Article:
Josefa Llanes Escoda (1898–1945) was a pioneer of the cause of Filipino women and social work. She championed the Filipinas’ right to vote and headed the Federation of Filipino Women’s Clubs and had a significant role in the Philippine branch of the Red Cross. Llanes Escoda also founded the Girl Scouts of the Philippines that helped instill love of country and civic service in schools. During World War II, she was active in the underground resistance movement and used her personal resources to alleviate hunger in the Japanese-occupied areas, bringing food and medicine to prisoners of war that Japanese captors had maltreated. She established communication channels between these prisoners of war and their friends and families. The Japanese military police eventually arrested her and her husband Antonio, who was also actively involved in the resistance. Llanes Escoda was eventually tortured and ultimately executed.
Gen. Vicente Lim (1888–1945) was the first Filipino graduate of the US Military Academy at West Point. After graduation he became a career officer of the Philippine Scouts, a unit of the US Army, since there was no Philippine Army yet at the time. Lim’s distinction as the only Filipino graduate of the US Army Command and General Staff School paved the way to higher positions for him in the army; by becoming a professional officer Lim prevailed over American discrimination and racism. When the Philippine Army was organized under the Philippine Commonwealth Government in 1935, Lim became a staff officer and eventually deputy chief of staff, the most professional officer in the army at the time. When the threat of war became real the US Army Forces in the Far East (USAFFE) was organized. Lim volunteered to command an entire division instead of remaining in higher headquarters. The 41st Division or the Rock of Bataan under his command is distinguished for holding the line against repeated Japanese onslaught in the early campaigns in the area. Lim provided leadership and motivation for his men, rallying them to fight fearlessly and relentlessly. After Bataan fell, Lim became a prisoner of war. He was eventually released but the Japanese repeatedly approached him to collaborate with them to which he consistently refused, citing malaria and other illnesses he had supposedly contracted from the Bataan campaign. The Japanese responded by placing him under close watch. Despite this constraint Lim was able to organize resistance groups to sustain the fight against the Japanese. The Japanese military police eventually arrested and imprisoned him in Fort Santiago where he was tortured. He was executed in 1945, before the American forces had reached Manila.
Abad Santos, Llanes Escoda, and Lim had different backgrounds. Their causes represent the different aspects and sectors of Philippine society that by their singular efforts they strived to uplift: Abad Santos for government, LLanes Escoda for civil society and women, and Lim for the military and the Filipino Chinese. Neither of them was a politician, nor did they advance any political agenda. Their struggles to uplift the lives and conditions of the Filipinos were fought individually; collectively, they are our Great Filipinos whose exemplary lives serve as inspiration worthy of emulation of all Filipinos.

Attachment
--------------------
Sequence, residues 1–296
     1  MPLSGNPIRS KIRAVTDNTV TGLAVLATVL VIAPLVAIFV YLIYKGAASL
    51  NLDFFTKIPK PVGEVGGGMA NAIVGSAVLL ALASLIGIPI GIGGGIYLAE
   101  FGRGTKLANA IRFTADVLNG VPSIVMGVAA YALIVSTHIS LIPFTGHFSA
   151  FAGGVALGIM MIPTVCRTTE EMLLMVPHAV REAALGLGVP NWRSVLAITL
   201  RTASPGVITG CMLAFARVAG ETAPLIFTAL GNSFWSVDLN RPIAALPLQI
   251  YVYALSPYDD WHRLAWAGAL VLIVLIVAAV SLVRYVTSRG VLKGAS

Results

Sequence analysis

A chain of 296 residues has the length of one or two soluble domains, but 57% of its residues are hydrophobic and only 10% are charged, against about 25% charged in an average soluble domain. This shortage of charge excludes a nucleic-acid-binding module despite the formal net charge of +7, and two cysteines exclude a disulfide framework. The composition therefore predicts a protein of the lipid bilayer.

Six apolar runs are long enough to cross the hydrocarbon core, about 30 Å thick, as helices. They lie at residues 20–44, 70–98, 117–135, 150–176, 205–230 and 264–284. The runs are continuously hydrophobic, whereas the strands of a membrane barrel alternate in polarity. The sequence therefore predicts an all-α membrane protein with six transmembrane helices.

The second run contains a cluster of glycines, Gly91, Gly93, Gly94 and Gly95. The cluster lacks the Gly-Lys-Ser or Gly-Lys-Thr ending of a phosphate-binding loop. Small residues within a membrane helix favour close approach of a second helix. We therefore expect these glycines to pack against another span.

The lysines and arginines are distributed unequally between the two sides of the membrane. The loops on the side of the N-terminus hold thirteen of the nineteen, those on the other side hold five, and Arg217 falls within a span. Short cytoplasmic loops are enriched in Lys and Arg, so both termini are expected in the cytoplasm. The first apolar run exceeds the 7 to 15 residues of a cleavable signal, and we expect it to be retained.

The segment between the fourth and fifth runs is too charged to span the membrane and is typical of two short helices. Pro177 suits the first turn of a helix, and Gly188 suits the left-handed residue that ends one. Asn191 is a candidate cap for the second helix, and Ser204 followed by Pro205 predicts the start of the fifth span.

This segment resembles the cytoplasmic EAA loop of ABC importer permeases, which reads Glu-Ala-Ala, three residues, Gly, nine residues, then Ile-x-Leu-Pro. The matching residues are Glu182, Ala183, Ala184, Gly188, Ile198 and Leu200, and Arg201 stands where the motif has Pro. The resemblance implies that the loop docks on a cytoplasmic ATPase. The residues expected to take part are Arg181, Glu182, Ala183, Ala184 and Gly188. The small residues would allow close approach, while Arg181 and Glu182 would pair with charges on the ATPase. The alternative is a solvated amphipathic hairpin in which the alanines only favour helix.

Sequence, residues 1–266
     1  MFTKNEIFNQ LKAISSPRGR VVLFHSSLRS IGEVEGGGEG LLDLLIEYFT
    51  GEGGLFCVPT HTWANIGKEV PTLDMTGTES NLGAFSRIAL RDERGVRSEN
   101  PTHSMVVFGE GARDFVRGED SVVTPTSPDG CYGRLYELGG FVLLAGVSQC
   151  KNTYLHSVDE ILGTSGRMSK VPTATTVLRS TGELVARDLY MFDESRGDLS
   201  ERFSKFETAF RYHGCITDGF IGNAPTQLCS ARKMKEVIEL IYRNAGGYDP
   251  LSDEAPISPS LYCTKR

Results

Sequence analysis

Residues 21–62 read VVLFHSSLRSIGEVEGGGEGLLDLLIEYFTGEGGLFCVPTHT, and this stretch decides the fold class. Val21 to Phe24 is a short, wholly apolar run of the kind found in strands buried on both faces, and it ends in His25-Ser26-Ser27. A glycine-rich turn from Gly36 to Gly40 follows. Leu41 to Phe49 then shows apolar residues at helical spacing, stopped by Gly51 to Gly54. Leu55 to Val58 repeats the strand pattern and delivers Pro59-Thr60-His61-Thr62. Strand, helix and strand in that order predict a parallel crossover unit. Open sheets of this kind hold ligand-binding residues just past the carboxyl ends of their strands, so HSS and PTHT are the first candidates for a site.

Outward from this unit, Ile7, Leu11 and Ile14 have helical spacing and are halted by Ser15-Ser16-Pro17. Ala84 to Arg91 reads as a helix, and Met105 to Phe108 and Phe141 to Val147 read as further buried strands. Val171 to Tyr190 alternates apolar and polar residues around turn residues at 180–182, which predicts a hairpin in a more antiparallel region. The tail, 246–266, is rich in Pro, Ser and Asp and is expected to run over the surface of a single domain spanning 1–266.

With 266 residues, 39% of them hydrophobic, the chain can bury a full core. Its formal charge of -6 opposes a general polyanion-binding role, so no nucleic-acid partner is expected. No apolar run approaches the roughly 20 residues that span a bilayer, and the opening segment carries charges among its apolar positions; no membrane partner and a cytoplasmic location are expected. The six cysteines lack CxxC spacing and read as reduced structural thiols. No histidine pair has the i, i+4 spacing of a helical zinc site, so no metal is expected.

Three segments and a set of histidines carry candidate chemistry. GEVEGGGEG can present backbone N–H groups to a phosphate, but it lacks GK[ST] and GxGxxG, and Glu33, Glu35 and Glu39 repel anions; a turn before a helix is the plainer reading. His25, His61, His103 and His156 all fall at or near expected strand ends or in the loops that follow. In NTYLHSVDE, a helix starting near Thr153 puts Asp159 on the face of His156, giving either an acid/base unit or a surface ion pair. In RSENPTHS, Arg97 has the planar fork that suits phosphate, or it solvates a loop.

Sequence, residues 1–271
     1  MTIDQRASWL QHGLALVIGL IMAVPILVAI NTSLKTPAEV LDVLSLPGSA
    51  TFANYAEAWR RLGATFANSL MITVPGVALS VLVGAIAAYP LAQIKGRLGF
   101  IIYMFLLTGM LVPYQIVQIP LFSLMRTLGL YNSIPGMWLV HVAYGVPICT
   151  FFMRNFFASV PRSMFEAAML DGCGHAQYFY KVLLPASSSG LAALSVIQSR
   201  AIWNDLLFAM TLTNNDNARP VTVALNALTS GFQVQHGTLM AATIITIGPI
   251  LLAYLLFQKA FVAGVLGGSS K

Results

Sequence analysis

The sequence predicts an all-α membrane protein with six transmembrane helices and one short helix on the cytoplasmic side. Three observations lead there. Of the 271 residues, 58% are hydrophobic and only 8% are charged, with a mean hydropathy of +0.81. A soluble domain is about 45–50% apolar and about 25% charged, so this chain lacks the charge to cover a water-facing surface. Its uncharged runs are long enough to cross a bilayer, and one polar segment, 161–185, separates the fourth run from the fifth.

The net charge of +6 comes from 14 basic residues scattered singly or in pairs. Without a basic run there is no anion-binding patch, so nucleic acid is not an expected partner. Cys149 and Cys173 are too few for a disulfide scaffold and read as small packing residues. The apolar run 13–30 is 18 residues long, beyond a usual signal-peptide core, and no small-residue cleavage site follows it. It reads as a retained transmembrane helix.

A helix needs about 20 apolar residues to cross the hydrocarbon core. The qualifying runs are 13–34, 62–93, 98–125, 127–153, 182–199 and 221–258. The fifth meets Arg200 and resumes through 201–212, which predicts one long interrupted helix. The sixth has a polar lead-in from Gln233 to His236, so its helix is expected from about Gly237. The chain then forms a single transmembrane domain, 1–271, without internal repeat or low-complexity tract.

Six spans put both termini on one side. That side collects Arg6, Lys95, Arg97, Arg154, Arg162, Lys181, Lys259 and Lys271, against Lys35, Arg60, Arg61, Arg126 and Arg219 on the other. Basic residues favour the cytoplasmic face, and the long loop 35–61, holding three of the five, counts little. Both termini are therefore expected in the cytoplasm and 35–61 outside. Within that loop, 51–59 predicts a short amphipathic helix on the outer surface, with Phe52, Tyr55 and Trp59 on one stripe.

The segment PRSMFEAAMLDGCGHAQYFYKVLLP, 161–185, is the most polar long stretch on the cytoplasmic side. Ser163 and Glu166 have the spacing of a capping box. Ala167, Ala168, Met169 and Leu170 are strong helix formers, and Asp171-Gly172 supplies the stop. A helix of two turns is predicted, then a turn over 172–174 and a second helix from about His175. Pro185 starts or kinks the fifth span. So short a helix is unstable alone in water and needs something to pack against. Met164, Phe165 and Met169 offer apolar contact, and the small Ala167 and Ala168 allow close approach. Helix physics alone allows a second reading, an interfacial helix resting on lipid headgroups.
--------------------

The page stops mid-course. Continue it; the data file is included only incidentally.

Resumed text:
As we issue this statement, their remains have yet to be found; Abad Santos, Llanes Escoda, and Lim, to this day, are graveless. Perhaps, this signifies that they belong not to their graves but to the entire country.
The removal of the images of these three heroes from the new design of the Php1000 bill is a slap on the face of our heroes. It appears that by this act the BSP is not only disregarding the Filipino symbol of its quest for nationhood and what it means through our heroes; the BSP is also trivializing this symbol. Ironically, the one parallel moment when a Php1000 bill was issued without public consultation and without the faces of Philippine heroes was the Php1000 bill issued during the Japanese occupation: the classic Mickey Mouse money bill. Today, in the twenty-first century, under Filipino auspices, through the BSP, that act is being mindlessly repeated.
By the statement of the BSP the bill design approval process does not require consultation with the National Historical Institute, an erroneous reference to what is now the National Historical Commission of the Philippines (NHCP). The NHCP, as the country’s official agency relating to historical matters should have been the first to be consulted on this matter.
We earnestly call on the Bangko Sentral ng Pilipinas to retain the images of our three heroes in the Php1000 bill, most especially in the new polymer bill. As our national anthem continues to grace even our most ordinary official celebrations as a constant reminder of our patriotic pledge to our country, our heroes by whose genuine sacrifices have enabled us to take our place in the community of nations and in world history should be equally honored and given their rightful place in the symbols of our nation.”
Neil Martial Santillan
UP Departamento ng Kasaysayan